Presiding Officer, at the very heart of those Principles is this non- negotiable truth: changes to the devolution settlement require the agreement of the Scottish Parliament.
It is the foundation stone of section 30 of the Scotland Act 1998 itself, under which orders adjusting the list of matters reserved to the UK Parliament must be approved not simply in Westminster but here as well.
Presiding Officer, the Scottish Government intends to protect this essential principle of devolution but before I before I turn to how we will do so I do want to indicate those matters on which we have made negotiating progress – and I am pleased to say there are quite a few of them.
I pay tribute to the work of David Lidington and Mark Drakeford, to our respective officials and to those in this Parliament who have supported and helped the process which has been strengthened by having substantial cross party support.
Mark Drakeford and I, in our conversation yesterday, confirmed that we would continue, going forward, to work together on these and on all the other Brexit issues and concerns we have in common.
Together, with the UK government we are agreed that there is an important and difficult job to be done in preparing our laws for EU withdrawal; and we are agreed that ideally that would be done on a UK-wide basis, through co-operation and collaboration between the governments of these islands.
We are agreed that on leaving the EU, it could make sense for there to be common frameworks applying across the UK in some areas formerly covered by common EU rules.
Where these frameworks are in Scotland’s interests, the Scottish Government is ready to discuss them. We have identified 24 areas where we should be able to work together on the basis of consent from all the Governments involved.
The Secretary of State for Scotland has also said, both to the UK Parliament and here, that frameworks should not be imposed on the devolved administrations.
So, these points, taken together, are the principles of devolution were followed the basis of something that this government could consider recommending to Parliament.
But the key sticking point remains, as it always has been, clause 11 and the insistence of the UK Government on its right to take control of devolved powers.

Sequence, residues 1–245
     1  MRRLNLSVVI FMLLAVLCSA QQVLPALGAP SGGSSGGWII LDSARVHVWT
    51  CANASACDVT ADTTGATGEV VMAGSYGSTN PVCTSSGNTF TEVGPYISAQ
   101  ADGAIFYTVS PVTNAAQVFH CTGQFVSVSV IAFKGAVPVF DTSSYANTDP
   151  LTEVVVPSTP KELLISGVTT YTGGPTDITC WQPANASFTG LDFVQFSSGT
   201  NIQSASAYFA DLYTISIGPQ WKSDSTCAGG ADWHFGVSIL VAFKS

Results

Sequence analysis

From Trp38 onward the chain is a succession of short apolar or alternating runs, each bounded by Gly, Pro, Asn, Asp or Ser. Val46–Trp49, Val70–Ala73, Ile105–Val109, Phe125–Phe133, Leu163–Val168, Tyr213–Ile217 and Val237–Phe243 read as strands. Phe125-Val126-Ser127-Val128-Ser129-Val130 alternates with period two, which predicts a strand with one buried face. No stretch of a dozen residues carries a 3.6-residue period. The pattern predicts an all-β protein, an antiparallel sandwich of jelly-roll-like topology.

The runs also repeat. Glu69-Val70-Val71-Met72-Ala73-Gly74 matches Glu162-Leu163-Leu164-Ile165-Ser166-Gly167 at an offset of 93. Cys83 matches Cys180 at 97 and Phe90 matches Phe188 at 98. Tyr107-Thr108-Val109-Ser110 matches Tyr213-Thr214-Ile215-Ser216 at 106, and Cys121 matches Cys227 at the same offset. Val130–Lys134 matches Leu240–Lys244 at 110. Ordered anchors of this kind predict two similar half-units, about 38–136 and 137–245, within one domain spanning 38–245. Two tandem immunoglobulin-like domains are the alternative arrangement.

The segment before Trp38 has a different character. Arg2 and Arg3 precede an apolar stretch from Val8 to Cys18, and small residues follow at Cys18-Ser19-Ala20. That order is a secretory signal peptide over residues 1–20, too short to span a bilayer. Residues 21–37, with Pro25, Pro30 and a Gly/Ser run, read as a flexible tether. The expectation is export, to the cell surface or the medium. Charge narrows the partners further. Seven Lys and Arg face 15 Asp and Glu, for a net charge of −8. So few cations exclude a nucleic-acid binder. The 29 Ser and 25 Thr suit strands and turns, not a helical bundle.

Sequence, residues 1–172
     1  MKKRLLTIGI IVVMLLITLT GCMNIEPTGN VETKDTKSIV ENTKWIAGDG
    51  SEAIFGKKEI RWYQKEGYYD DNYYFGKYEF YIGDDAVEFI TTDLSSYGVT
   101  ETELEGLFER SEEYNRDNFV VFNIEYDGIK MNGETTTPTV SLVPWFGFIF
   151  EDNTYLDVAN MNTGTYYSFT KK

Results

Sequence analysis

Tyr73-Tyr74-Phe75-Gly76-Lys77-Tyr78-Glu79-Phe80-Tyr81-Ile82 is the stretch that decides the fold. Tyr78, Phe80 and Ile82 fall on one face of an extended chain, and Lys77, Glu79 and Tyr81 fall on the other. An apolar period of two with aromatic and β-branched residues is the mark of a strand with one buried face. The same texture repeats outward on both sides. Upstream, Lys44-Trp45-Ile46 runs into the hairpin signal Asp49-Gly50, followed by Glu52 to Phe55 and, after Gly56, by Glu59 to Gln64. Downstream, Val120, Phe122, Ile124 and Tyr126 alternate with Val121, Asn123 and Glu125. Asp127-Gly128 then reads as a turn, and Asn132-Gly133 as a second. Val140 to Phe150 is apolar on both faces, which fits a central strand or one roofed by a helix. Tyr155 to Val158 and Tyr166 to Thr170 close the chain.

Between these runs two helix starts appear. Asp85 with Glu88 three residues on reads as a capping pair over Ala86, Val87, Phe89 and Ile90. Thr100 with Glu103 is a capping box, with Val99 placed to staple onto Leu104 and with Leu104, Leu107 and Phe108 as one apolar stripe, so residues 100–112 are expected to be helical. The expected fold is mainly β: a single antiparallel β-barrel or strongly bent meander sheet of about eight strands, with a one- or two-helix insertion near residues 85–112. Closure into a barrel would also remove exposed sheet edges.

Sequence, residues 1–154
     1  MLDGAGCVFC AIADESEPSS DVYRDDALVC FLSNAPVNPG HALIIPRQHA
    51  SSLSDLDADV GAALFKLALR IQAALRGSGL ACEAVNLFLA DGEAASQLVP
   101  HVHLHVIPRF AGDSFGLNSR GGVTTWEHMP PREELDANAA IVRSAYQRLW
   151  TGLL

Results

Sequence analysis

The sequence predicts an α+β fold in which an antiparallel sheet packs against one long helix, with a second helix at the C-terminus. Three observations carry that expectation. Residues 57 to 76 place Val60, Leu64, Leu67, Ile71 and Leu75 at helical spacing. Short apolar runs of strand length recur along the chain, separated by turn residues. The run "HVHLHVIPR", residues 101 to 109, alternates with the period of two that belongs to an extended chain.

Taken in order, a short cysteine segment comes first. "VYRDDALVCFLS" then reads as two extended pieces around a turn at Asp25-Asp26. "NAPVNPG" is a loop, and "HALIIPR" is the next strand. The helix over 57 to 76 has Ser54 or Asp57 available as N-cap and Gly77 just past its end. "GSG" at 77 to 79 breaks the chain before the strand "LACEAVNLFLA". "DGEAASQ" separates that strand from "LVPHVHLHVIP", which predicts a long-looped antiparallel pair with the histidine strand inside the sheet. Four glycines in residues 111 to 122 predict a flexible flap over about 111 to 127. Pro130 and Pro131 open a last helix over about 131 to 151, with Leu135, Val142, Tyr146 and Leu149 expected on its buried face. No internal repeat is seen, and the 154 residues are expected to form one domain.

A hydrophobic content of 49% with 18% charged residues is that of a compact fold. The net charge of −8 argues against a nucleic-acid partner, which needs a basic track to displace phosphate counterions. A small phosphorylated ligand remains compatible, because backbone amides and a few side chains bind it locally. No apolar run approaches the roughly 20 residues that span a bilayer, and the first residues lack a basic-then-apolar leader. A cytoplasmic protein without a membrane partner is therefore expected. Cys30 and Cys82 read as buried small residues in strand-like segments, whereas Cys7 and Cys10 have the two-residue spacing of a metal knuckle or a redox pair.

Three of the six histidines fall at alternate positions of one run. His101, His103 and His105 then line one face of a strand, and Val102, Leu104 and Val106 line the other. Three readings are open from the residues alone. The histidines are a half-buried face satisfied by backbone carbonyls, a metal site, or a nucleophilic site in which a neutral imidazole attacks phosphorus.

Let me set out to Parliament where we are at present on that central issue.
Tomorrow we expect the UK Government to publish further amendments to clause 11.
We have given them serious and respectful consideration but we as a government are absolutely and unanimously clear that we cannot support any proposal that would enable the powers of the Scottish Parliament to be constrained without the agreement of the Scottish Parliament.
And the UK Government’s latest proposals continues to give Westminster the power to prevent the Scottish Parliament from passing laws in certain devolved policy areas and while we expect the amendments to include the addition of a sunset clause the restrictions on our use of these powers would last for up to seven years.
The UK Government says this ban, or legal constraint, needs to be in place to prevent the Scottish Parliament from legislating in devolved matters, such as farming or fishing, while framework discussions are taking place.
But it has never proposed, and has indicated it could not accept, such a legal constraint for England. Any constraint placed on the UK Government will, therefore, be purely voluntary.
Given the seemingly endless political uncertainty at Westminster who can say what a future Prime Minister or UK Government will choose to do in the future?
But, during the period of restraint, the Scottish Parliament will lack the ability to ensure that our laws in these areas – environmental protection for example – can keep pace with EU law. And during that same period, Westminster politicians or those that replace them of whatever political or constitutional hue will have a free hand to pass legislation directly affecting Scotland’s fishing industry, or our farmers, or environment or our public sector procurement rules, or the safe use of chemicals, or food safety – the list is long – while our Parliament’s hands were tied.
It is also worth noting that while discussion and political agreement may have reduced the number of areas that may be subject to such restrictions to 24, under the UK government’s proposals, there will be nothing on the face of the Bill that limits possible restrictions to these areas. Again, we are being asked to simply take that on trust.
How could we recommend giving consent to a bill that would place Scotland in such a vulnerable position in these uncertain political times?
In an effort to allay our concerns, we understand that the UK Government may also propose a further political commitment to the effect that it will not normally make these regulations without the consent of the Scottish Parliament. However, this would not form part of any legislative amendment.
And in any event, even if we agreed to this, the terms of the UK Government approach mean that it would still be for the UK government, and ultimately the House of Commons, to determine what is normal and what is not.
It will also be for Westminster to decide whether the Scottish Parliament is acting reasonably on any occasion on which it opts to withhold consent.